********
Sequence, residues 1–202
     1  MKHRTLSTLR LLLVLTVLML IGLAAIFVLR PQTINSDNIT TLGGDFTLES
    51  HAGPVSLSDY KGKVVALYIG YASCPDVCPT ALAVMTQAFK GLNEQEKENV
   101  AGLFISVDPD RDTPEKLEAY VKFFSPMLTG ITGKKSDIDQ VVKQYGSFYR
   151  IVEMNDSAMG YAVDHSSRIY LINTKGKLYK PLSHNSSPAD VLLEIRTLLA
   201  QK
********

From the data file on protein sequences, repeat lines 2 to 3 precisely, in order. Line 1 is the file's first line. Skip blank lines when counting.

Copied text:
     1  MKHRTLSTLR LLLVLTVLML IGLAAIFVLR PQTINSDNIT TLGGDFTLES
    51  HAGPVSLSDY KGKVVALYIG YASCPDVCPT ALAVMTQAFK GLNEQEKENV